Marking one year of war: Ukrainian economic successes and plugging the financing gap

by | Feb 24, 2023


Today, as we mark one year since the invasion of Ukraine by Russian forces, the condition of the Ukrainian economy and the state of its public finances remain relatively resilient despite the ongoing War. That’s the analysis from the team at  ICU, an independent multi-strategy asset management, private equity, and investment firm that specialises in the emerging, and frontier markets worldwide as they share their overview with Wealth DFM commenting:

At this milestone, it is vital to reflect on efforts made by Ukraine and the international community to ensure the economy continued to operate as well as it can under the circumstances, as well as on the challenges that are yet to come.

“The international community has made significant commitments to rebuilding Ukraine by investing in sustainable infrastructure after the war. We also anticipate significant investor interest in rebuilding Ukraine beyond infrastructure after the situation improves. Local businesses will need to rebuild their production capacities and supply chains to meet domestic demand. On top of that, many businesses will likely plan their future decisions, keeping in mind, the larger EU market perspective as trade barriers are eased in light of Ukraine’s potential EU membership. Thus, the demand for equity and debt capital will boom and come from nearly every sector of the economy. We are currently focused on assessing the potential capital needs and investment options. It’s essential to be prepared for quick fundraising when all preconditions are in place,” said Makar Paseniuk, founding partner of ICU Group.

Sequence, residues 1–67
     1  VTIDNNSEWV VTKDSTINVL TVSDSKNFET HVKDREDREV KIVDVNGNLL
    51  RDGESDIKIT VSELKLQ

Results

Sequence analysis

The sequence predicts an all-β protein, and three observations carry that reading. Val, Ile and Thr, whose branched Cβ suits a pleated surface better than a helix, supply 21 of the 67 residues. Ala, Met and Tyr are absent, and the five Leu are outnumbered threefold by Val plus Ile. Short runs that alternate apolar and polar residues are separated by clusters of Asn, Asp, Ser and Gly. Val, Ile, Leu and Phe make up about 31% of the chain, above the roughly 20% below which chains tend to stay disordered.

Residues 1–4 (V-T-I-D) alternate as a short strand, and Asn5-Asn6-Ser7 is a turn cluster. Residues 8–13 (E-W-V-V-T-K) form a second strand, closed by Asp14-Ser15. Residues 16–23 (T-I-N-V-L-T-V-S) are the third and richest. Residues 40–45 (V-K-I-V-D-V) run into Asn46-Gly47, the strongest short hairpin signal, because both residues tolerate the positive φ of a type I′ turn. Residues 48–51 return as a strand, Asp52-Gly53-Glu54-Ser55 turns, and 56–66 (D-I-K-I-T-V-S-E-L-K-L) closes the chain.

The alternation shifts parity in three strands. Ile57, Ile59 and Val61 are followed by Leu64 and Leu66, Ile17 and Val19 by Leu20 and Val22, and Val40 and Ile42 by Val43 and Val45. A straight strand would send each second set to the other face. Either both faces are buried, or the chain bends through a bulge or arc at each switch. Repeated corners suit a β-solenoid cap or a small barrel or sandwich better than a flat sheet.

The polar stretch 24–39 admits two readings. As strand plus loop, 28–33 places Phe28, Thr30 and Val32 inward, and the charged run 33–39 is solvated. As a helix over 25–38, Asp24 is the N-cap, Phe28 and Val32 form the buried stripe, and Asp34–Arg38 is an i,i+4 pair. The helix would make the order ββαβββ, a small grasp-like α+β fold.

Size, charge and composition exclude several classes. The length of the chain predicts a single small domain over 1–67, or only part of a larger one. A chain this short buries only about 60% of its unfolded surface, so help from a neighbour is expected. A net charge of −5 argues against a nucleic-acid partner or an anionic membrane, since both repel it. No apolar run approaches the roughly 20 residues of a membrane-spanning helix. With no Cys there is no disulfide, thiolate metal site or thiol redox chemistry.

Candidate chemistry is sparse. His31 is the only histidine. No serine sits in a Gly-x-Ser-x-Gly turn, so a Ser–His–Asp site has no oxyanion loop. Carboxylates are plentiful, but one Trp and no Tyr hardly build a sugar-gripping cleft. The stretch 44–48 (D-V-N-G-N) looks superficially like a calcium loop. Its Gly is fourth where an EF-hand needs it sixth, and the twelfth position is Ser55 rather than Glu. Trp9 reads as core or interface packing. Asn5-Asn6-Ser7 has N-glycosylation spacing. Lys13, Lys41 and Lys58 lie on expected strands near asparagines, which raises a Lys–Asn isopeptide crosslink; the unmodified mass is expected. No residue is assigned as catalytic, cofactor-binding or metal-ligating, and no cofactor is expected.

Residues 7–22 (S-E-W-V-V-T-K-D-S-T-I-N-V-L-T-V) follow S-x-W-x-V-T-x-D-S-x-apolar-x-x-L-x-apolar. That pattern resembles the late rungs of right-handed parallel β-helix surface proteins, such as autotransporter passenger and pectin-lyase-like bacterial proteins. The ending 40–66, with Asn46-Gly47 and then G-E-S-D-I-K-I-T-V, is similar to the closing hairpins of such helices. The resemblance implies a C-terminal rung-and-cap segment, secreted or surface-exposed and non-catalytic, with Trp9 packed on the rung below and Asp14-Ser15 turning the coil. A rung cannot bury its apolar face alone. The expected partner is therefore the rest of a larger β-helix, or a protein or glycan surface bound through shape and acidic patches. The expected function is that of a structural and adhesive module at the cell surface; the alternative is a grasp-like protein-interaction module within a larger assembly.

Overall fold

The war’s impact on Ukraine’s economy and public finance so far:

“International financing will be critical in keeping the Ukrainian economy above the waterline. A private debt restructuring programme will need to be carefully formatted to ensure Ukraine remains a trusted and reliable borrower,” said Vitaliy Vavryshchuk, Head of Macroeconomic Research, ICU.

  • At the beginning of the war, there were fears that the economy will collapse, but it has shown great resilience.
  • Despite Ukraine’s GDP falling by about a third since the war began, the economy continues to operate in a stable manner.
  • Looking ahead, a further fall or growth is largely dependent on the intensity of fighting and resulting effects on infrastructure and people. The advent of blackouts across Ukraine, for example, have significantly halted growth but that has subsided considerably. If lengthy blackouts do not repeat, we believe GDP will increase slightly in 2023.
  • Inflation peaked at 26.6% in 2022 but it has been deemed to have been kept to a manageable rate relative to Ukraine’s neighboring countries. We forecast it to drop below 20% by the end of 2023.
  • Trade deficit surged last year due to contraction of exports and relatively stable imports. However, the larger trade gap has been mitigated by an increase in migrant remittances and intonational financial assistance.
  • The NBU reserves are now close to $30bn – higher than the pre-war level, which has allowed the institution to keep the FX markets under control.
  • One-step hryvnia depreciation in late July helped reduce imbalances but not in a suitable manner.

Credit Considerations going forward

  • Ukraine will continue to rely on international financial support given the circumstance. In 2022, Ukraine could only collect 50% of what it needed to finance the War from tax and non-tax revenues, and this ratio is unlikely to improve considerably, leaving the budget deficit at about 20% in the years to come with public debt to GDP also likely to rise to 100% in the next year or so.
  • International financing will, therefore, be critical in keeping the Ukrainian economy above the waterline. A private debt restructuring programme will need to be carefully formatted to ensure Ukraine remains a trusted and reliable borrower.
  • So far, there have been a few corporate bond restructurings since the war began. Since there have been restrictions in place in sending FX abroad with the Marshall Law imposed to avoid capital flight, the NBU are not planning on allowing principle or interest payments to be paid abroad anytime soon. ICU forecasts that it is unlikely to see a change in these policies in the next 12 months.


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